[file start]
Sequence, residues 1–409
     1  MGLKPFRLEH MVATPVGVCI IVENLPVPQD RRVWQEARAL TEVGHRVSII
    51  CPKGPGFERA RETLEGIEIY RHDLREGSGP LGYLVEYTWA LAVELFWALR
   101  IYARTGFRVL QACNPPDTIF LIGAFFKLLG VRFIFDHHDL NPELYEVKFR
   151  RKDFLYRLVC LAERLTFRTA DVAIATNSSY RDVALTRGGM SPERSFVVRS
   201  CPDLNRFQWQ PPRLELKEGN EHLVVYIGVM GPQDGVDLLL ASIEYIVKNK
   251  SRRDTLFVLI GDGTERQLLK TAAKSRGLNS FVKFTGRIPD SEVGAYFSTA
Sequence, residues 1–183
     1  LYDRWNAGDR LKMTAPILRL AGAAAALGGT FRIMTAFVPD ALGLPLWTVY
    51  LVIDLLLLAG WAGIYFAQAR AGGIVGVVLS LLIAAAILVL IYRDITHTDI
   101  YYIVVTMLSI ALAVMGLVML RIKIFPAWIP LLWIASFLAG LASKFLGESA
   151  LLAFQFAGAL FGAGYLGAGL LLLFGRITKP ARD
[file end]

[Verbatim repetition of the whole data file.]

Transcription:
Sequence, residues 1–409
     1  MGLKPFRLEH MVATPVGVCI IVENLPVPQD RRVWQEARAL TEVGHRVSII
    51  CPKGPGFERA RETLEGIEIY RHDLREGSGP LGYLVEYTWA LAVELFWALR
   101  IYARTGFRVL QACNPPDTIF LIGAFFKLLG VRFIFDHHDL NPELYEVKFR
   151  RKDFLYRLVC LAERLTFRTA DVAIATNSSY RDVALTRGGM SPERSFVVRS
   201  CPDLNRFQWQ PPRLELKEGN EHLVVYIGVM GPQDGVDLLL ASIEYIVKNK
   251  SRRDTLFVLI GDGTERQLLK TAAKSRGLNS FVKFTGRIPD SEVGAYFSTA
Sequence, residues 1–183
     1  LYDRWNAGDR LKMTAPILRL AGAAAALGGT FRIMTAFVPD ALGLPLWTVY
    51  LVIDLLLLAG WAGIYFAQAR AGGIVGVVLS LLIAAAILVL IYRDITHTDI
   101  YYIVVTMLSI ALAVMGLVML RIKIFPAWIP LLWIASFLAG LASKFLGESA
   151  LLAFQFAGAL FGAGYLGAGL LLLFGRITKP ARD